From the very first time amputating my leg became even a remote possibility, I assumed I would get a prosthetic leg that resembled most I had seen. There would be a top part that was made of some sort of plastic/fiberglass material, attached to a pipe that was then attached to a plastic foot. It would all be exposed, no hiding that I had a prosthetic leg. It never occurred to me that I would have a Styrofoam covering made in the shape of a lower leg with, as my kids say, pantyhose on it concealing the mechanics of the prosthetic. So when my prosthetist said “you will want a cover so it looks real, right,” I wasn’t sure how to respond.
I really didn’t want a cover to make it look real; that is not who I am and it doesn’t represent how I have handled my journey with disability or the amputation. In a sense the prosthetic is my battle scar – it represents my strength and determination to overcome and not let losing a leg destroy me. Therefore if I am going to have a cover, it needs to reflect who I am, a statement of how I handled my adversity, not the form of “pantyhose over a foam leg”.
I guess I, once again, don’t think like most, as my prosthetist was pretty insistent that I have the cover, in fact his reaction to my saying I didn’t want it was one of confusion and disbelief. He was so determined that I should have the cover that he wasn’t going to accept no for an answer. So I said “fine, if the insurance pays for it I will take it, but I am not willing to pay for one myself.” The whole time I was thinking, ‘I am just going to remove it.’ I had no idea how bad it would look or that the only way I could remove it myself was with a knife.
When he entered the room holding the finished leg, I couldn’t believe my eyes. The leg literally looked as if he had gone to a department store display and ripped the lower leg off of a mannequin and then put pantyhose over it. Yes, it really was covered with three layers of knee-high nylons. Honestly, my first thought was that there is no way I can wear that. Upon getting home and showing my kids the leg the first thing they said was “why does it look so fake? Why does it have pantyhose on it? It doesn’t even match your other hairy leg (if he wanted to match my other leg he should have covered it in fur.), we never saw anyone with a prosthetic leg that looks like that.” I had to agree with everything they said and went to work attempting to remove the ridiculous cover. That’s when I realized that I would basically have to take the foot off to remove it.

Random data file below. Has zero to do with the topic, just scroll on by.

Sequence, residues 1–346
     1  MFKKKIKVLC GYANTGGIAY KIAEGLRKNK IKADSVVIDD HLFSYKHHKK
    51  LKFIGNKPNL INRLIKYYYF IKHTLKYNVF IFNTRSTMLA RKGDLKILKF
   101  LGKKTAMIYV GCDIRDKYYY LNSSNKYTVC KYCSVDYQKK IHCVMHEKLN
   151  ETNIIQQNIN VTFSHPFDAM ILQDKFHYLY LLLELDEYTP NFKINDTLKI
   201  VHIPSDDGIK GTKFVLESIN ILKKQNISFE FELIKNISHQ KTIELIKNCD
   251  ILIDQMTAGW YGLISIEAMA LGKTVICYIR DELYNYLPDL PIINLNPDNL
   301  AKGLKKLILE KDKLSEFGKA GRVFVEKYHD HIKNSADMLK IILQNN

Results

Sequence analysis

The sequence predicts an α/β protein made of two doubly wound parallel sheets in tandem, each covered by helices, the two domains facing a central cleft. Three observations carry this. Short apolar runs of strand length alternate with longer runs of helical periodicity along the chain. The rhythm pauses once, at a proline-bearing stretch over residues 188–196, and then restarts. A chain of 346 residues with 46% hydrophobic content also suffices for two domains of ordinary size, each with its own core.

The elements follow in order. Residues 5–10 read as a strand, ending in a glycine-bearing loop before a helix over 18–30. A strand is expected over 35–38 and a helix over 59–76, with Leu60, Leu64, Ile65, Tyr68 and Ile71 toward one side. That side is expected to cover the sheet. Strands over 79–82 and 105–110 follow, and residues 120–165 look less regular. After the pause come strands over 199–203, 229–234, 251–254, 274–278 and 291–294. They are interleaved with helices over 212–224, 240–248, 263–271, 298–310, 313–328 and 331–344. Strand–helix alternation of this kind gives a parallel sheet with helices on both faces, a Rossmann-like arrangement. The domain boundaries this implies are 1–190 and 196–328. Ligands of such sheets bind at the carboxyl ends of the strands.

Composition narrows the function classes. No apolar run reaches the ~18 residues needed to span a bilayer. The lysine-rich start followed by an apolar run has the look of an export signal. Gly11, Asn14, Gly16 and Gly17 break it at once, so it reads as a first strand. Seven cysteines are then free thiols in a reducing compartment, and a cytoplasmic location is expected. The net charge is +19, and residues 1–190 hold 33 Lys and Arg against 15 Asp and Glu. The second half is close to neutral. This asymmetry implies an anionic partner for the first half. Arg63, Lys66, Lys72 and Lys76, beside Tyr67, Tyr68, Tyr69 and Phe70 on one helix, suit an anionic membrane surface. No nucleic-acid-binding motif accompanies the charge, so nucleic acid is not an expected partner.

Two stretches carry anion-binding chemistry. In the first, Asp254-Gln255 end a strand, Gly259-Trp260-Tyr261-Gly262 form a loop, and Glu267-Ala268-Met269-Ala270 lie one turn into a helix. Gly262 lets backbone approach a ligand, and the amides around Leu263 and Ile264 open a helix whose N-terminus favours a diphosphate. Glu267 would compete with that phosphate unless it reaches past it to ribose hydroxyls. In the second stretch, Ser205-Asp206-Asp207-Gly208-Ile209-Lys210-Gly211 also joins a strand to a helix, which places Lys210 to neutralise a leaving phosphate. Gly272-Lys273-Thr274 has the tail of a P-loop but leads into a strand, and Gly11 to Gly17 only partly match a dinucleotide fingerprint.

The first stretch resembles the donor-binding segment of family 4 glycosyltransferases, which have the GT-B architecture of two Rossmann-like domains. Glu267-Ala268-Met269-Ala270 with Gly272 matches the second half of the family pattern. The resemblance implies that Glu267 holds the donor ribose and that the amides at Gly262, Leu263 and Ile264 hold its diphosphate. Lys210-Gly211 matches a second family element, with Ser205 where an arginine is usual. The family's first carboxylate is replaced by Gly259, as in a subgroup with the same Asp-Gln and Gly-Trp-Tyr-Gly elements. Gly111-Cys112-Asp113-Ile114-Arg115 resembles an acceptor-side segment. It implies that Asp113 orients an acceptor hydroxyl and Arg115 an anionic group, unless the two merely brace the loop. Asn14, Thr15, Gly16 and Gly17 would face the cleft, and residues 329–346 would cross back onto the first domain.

My prosthetist had followed me out to my car and his parting words on delivery day were “at least now you will look and feel normal.” He works with amputees every day, so this makes me think that he has learned that they are concerned about the leg looking real. I understand that but it is not who I am and is not the statement or lesson I want my circumstance to teach. The following excerpts are from an oral presentation my nineteen-year-old daughter wrote for a college class.
“I saw my father struggle for six years with an ankle that just wouldn’t cooperate.”
“I’ve learned a lot from my father when it comes to his disability. It has taught me that the disabled are just like everyone else.I always thought that, but it really struck home when someone I loved and respected so much became disabled.”
“My father is still the same man he was when he had two legs, so why should he be treated differently? “
“My father taught me that just because you are having a problem it should not make you depressed or take over and ruin your life.”
“He has turned his tragic story into a way to reach out and help others and in return benefit himself. I cannot imagine being in the position my father is in, I feel like it would destroy my happiness. I am amazed by what my father has done.”
This is what it is all about, this is exactly what I wanted my kids to see and learn from me. These are the statements I want to portray when people see and interact with me, so why would I try to conceal the prosthetic leg with a couple layers of pantyhose?
In the end I am the one who has to wear the prosthetic leg and I just could never wear it the way it looked with a pair of shorts. At my two week follow-up appointment I asked my prosthetist to do me a huge favor and remove the cover. In the meantime I had some custom socket/sleeve cover made. I believe this better represents my journey.
If you have to use a prosthetic leg you might as well have fun with it!
(Okay, faux wood, but at least it’s fun!)
Anyone who knows me knows that I laugh, joke and am very open to talking about my leg or lack of. They also know I wouldn’t faux paint plywood on the front of my house to look like brick, so why would I wear a prosthetic with faux skin?
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